On my computer I found a lot of information about the CKP … how to find it, remove it, and replace it. Finding it was essential, I thought, so I did that first. It’s actually right in plain sight so I was pleasantly surprised. Nothing to dismantle to gain access. It is, however, in a tight spot which makes it difficult to remove the wire from the sensor without destroying the plug. Following detailed instructions, I managed to get the wire and cap off the sensor and knew I could get the sensor out with no problem. There was a strong warning about making sure to not lose the screw holding the sensor in place because when it falls it goes to an inaccessible part of the car. Not willing to test that theory right then, I replaced the wire on the sensor and put my tools away.

Then, for some reason, I started the engine. Perhaps it was to just make sure it still ran in case I might have to make a run to Urgent Care for some reason. I have a bicycle that works nicely, but I’d rather drive when that need arises because it’s much quicker. Anyway, the engine started just fine, and the Engine light didn’t stay on. I stopped and started the engine a number of times and it never stayed on. So, apparently, removing the wire from the sensor and putting it back on was the solution. Didn’t cost me a dime. Fixed. This is day 2 and it’s still staying off, so I’m calling this a win. I love solutions like that. Now I’m thinking that maybe I should work my way through the entire car unplugging and plugging all the connectors to avoid possible future weird things. Then again, I don’t think I want to engage in that much work. There’s a ton of plugs under the hood and most of them have names written in German because the car, although it’s a Chrysler, is made in Germany.

This morning I was up at 0500 for the marking dogs, but only for about half an hour. Then I assumed my napping position on the sofa until 0830 or so. Then it was time to put on some outdoor clothing and make a trip to the Kozy for coffee with the guys. I got there right on time, but there weren’t any familiar vehicles parked in our normal spot, so I just lurked for a while, then went home because I had yard work to finish.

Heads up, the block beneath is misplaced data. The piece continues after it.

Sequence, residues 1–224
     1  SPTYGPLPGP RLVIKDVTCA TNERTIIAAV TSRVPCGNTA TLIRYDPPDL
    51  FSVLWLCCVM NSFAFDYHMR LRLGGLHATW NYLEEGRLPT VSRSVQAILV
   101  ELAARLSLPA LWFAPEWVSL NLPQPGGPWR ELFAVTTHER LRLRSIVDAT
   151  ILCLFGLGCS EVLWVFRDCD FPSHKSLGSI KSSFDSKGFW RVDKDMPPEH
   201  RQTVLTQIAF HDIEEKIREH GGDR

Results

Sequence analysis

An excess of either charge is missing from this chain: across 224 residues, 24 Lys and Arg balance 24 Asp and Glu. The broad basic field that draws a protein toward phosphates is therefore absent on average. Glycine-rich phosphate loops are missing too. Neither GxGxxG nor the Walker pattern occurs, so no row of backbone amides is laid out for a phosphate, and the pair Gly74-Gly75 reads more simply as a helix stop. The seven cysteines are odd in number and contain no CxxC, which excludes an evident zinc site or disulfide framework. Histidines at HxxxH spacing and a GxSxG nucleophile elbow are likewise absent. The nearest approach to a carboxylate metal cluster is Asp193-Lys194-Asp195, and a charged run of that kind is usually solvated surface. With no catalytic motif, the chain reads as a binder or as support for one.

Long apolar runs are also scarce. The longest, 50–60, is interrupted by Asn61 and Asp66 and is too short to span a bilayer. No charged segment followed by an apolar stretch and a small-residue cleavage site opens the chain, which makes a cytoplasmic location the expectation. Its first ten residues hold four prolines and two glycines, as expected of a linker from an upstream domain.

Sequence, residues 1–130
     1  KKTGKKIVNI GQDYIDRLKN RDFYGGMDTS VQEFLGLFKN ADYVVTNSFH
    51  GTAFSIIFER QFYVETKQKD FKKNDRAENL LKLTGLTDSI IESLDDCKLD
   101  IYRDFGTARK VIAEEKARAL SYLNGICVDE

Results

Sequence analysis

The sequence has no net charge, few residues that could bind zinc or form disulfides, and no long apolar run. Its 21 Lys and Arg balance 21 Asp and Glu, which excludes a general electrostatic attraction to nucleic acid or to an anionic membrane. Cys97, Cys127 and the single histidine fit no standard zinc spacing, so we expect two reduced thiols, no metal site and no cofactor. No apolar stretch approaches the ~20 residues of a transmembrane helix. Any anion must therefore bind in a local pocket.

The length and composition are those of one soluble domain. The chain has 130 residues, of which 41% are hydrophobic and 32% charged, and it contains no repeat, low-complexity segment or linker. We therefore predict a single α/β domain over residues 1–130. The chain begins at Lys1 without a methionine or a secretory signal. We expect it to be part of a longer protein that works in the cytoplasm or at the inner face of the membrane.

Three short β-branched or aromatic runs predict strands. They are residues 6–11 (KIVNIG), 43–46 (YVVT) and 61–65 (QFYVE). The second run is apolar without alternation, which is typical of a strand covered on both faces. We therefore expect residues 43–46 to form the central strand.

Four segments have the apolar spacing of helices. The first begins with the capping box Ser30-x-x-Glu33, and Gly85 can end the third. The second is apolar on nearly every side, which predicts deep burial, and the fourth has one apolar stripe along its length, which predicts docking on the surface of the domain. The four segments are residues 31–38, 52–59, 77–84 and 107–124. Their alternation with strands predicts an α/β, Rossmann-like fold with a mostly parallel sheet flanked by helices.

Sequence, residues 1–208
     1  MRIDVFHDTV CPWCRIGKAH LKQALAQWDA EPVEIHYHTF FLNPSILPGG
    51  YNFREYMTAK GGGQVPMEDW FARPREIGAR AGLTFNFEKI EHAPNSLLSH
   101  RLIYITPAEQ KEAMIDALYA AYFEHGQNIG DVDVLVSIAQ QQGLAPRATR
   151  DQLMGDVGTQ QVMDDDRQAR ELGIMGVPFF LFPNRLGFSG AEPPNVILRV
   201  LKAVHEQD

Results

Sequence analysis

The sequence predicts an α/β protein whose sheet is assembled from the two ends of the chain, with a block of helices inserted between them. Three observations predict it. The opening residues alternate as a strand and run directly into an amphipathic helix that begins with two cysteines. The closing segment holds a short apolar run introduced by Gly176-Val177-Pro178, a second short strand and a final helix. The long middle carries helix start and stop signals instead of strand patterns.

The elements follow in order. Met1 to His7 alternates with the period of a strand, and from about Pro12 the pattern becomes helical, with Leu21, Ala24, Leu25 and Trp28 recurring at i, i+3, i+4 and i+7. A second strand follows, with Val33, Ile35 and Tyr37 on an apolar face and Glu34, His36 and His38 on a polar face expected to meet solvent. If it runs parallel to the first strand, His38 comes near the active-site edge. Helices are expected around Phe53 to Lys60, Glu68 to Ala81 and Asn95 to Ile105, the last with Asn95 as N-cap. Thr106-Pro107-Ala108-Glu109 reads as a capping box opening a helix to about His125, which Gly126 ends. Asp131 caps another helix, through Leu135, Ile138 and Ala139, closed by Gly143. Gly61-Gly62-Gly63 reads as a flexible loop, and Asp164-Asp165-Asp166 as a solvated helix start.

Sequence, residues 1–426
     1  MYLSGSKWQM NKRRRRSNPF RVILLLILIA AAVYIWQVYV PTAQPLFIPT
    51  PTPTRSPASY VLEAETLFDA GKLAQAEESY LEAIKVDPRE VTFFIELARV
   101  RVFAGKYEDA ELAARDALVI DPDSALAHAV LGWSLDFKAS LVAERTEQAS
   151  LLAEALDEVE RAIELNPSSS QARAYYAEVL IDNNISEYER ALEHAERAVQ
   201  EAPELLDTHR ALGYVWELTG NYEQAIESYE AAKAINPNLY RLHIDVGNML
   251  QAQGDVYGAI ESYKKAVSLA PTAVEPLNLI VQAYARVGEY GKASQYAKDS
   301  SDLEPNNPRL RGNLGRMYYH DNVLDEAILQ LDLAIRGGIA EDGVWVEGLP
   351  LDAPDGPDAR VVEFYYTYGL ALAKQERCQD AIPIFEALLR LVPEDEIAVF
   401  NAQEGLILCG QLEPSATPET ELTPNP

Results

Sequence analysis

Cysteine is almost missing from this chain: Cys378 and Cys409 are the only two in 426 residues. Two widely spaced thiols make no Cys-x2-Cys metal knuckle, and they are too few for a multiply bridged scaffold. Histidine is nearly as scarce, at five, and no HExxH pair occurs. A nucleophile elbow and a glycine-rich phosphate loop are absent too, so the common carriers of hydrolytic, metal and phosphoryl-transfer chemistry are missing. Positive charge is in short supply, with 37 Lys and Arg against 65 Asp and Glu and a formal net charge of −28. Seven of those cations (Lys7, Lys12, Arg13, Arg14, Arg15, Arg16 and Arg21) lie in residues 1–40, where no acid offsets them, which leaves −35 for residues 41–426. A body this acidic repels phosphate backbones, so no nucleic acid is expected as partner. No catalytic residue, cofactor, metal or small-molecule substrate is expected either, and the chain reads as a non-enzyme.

You may remember that I buzzed the entire yard but it was so tall there was no way I could vacuum the mess, or use the mulching blades. Today, as anticipated, it being 80 degrees and all, the mown grass was nice and dry, weighing next to nothing. Before I could begin, however, I tackled the project of putting my grass catcher, and associated parts, back together, and tightening some nuts and bolts so it would mow better. I’ve run into a few trees these last 10 years causing the catcher cover to be hanging by a thread. Well, actually it was hanging together by two zip ties. Yes, just two of them. I’ve known for a while now that it needed many more to avoid the need to haul it back to the house when it fell off in the field somewhere.

So, I grabbed a hand full of zip ties, my drill, and went to work. Here’s the end product and it’s just as sturdy as a new unit.

The discharge chute was a mess, too. Up until yesterday it was held together, kinda, with duct tape, but it wasn’t working any more. In addition to stitching up the seam, I pop riveted the two parts of the tube together because the little rubber stretchy things it came with broke a long time ago and Sears doesn’t seem to sell those parts.

I even made creative use of some bubble wrap to keep the grass from blowing out of the catcher onto my back from the hole I previously plugged with a nice towel that was converted to many little towels as reported in a previous post.

Once it was all put together, I got busy sucking up all that grass I chopped down the other day, and it went very nicely. I was pleased. I only had to empty the catcher about 10 times. That’s 30 catcher bags of grass and it’s still nice and solid. It should last me another 10 years.

Now I’m officially tired.